But remember, the vario needle also points down. Where there is lift, there is also a phenomenon called sink, like when the bubbles in the lava lamp float to the top, they cool down, often moving to sides of the lamp where they sink back to the bottom. There, they are reheated, and the process repeats. On a day when a glider pilot, like Amy, finds thermals going up at 600 feet per minute, they are just as likely to find sink surrounding the thermals descending at 600 feet per minute. Eric Lambert, an experienced glider pilot who also owns Merlin Aerodrome, once likened this to a huge imaginary doughnut. The doughnut hole is where the lift occurs, while the doughnut around the hole is where the sink happens.

Thermals are heated rising air surrounded by cooler sinking air.

So, glider pilots try to stay in the thermal, the doughnut hole, and stay out of sink. When a pilot finds lift, they fly circles within the thermal, hopefully avoiding the sink around it. Think of those bubbles in the lava lamp again. You need to stay in the bubble in order to go up with it.

Those waxy bubbles in the lava lamp are opaque and are lit by a colored light. But thermals are invisible to the eye. So, how do you find them? You look for indicators on the ground, like parking lots and fields, you watch for the variometer needle to go above zero, but in the spring especially, you can also just go outside and look up at the sky. One of the best indicators for thermals are cumulus clouds. They look like puffy cotton balls hanging in the air. They sometimes have flat, dark bottoms which indicate that a thermal is pushing that cloud upward, The bottom of the cloud is generally how high the thermal goes. Cumulus clouds are abundant in the spring. Sometimes they are small, sometimes they are huge, and sometimes they are so tall they can reach into the stratosphere, forming towering cumulus, which often become thunderstorms.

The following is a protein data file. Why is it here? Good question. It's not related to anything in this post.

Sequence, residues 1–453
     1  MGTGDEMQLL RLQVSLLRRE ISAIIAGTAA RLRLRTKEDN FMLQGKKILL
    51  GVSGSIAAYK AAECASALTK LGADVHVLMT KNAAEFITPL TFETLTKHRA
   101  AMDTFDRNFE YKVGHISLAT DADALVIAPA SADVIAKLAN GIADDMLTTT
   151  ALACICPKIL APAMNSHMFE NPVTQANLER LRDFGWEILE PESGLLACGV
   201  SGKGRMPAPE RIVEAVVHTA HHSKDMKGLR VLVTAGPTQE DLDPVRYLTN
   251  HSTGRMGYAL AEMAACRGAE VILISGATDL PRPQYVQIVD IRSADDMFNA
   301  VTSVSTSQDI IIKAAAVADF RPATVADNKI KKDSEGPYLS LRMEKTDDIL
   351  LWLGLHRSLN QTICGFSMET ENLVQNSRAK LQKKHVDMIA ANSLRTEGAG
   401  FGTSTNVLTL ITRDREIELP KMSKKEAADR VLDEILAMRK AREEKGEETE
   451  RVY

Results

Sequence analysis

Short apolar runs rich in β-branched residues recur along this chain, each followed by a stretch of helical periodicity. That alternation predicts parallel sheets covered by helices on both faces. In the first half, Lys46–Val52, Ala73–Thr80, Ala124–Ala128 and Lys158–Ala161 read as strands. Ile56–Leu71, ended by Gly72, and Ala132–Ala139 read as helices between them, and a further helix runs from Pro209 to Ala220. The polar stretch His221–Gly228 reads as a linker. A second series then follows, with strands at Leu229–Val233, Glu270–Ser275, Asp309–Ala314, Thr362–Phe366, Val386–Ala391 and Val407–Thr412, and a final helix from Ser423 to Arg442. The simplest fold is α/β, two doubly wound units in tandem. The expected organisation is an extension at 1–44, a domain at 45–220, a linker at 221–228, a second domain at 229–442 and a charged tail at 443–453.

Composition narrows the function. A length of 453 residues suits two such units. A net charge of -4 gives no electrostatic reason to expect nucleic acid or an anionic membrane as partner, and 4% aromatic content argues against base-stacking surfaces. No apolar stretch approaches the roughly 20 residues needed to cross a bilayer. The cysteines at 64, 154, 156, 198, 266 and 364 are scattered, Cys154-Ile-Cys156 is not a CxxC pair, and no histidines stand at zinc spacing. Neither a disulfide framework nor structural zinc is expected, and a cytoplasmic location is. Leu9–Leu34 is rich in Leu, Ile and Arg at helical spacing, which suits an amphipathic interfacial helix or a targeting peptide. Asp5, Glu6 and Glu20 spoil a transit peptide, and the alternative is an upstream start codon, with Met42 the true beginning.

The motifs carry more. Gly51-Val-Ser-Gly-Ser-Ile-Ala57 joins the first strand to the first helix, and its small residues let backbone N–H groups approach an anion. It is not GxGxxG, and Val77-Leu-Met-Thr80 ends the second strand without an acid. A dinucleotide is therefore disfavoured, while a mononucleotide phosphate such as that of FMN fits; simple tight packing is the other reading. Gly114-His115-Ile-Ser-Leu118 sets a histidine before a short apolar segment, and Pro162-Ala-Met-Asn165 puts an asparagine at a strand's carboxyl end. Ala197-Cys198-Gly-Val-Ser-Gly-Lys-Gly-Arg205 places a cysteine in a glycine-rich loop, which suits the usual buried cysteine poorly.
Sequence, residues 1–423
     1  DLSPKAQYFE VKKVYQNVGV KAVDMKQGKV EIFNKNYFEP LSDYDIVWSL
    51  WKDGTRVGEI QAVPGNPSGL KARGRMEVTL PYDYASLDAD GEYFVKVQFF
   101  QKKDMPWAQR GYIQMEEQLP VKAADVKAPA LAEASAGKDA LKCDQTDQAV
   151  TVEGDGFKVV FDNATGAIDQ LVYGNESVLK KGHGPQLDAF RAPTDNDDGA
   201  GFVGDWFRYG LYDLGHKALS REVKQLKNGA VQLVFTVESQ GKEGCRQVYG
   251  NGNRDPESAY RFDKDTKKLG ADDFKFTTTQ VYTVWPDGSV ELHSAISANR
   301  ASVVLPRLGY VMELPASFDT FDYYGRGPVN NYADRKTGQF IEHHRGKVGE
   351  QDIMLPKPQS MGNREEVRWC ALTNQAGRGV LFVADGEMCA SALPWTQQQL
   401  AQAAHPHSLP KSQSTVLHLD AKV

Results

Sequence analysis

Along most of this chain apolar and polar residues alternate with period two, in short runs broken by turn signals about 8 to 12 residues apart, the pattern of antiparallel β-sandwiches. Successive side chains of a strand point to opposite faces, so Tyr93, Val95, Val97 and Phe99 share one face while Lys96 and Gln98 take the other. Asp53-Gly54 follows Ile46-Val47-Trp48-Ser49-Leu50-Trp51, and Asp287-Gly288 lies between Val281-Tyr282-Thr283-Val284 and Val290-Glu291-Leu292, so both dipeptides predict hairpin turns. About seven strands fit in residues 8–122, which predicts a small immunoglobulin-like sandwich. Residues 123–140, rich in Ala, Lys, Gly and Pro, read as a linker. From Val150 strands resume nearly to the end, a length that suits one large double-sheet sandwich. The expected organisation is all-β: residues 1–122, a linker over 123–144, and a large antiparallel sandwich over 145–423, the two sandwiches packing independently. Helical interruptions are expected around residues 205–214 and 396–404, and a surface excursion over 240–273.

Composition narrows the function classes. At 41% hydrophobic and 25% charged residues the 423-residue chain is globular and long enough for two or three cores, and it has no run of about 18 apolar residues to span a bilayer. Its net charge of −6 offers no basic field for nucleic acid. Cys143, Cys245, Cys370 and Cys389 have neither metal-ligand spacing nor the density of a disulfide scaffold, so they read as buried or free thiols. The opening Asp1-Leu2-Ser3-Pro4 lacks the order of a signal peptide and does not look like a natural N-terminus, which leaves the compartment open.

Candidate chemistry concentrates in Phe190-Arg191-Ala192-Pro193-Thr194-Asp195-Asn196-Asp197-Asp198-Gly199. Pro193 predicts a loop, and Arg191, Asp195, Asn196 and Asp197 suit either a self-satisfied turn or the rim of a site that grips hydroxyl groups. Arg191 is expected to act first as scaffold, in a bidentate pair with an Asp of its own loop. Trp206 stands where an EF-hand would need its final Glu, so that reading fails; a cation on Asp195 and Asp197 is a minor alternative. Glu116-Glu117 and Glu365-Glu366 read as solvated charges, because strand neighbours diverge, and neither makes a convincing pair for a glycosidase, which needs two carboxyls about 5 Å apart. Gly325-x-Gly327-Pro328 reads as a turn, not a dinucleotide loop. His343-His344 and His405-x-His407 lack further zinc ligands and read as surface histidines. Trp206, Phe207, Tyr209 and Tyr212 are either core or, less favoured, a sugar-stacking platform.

Roberts circled her glider under a billowy cloud, perhaps a mile in diameter. “We were pretty high, like 6000 feet. We'd already gained 3000 feet in altitude. “And I'm looking around and I'm noticing that we are getting blown away from the airport [by the wind]. And I'm like, should we turn back to the airport? And you were in the back seat saying, ‘Yeah, yeah, keep going. Keep going.’ So I kept going and going and going, and at one point we’re at 9000 feet. I’m looking outside and you can see the the curvature of the Earth. And it's cold.”

For every 1,000 feet of altitude, the temperature drops roughly 3.5 degrees Fahrenheit or 2 degrees Celsius. That day, it was 70ºF on the ground. At 9,000 feet, it was 38.5º. Gliders don’t have heat.

“We are so high and we got up here without an engine. We’re just two people flying around, and we are at 9000 feet, higher than jets flying to and from Richmond [International Airport], it's crazy.”

This was an exceptional day. Sometimes thermals will reach to only three, four or five thousand feet above the ground. At Merlin Aerodrome, glider pilots have also been able to take advantage of other sources of lift, like mountain wave: strong updrafts caused by high winds deflected upward by mountain ranges like the Blue Ridge mountains. Those pilots have reached altitudes of over 15,000 feet and flown their gliders hundreds of miles over central Virginia. But gliders have gone even higher. The world record ascent of a glider was in 2018, when a pressurized glider called the Perlan, flown by pilots wearing spacesuits, used Mountain wave over Patagonia to climb to 76,000ft.

Still, climbing to 9,000 feet without an engine over Amelia County is quite an experience. “I was exhilarated,” Roberts says about her flight. “I'm sure I couldn't sleep that night, or even for days. I still think about it.”

Amy Roberts earned her Private Pilot Glider license in December 2021. She was 57 years old. She is currently working on adding a “powered rating”—airplanes with engines and propellers— to her license. Paul Tait Roberts, Amy’s husband, was her glider instructor. Their marriage is healing nicely, thank you.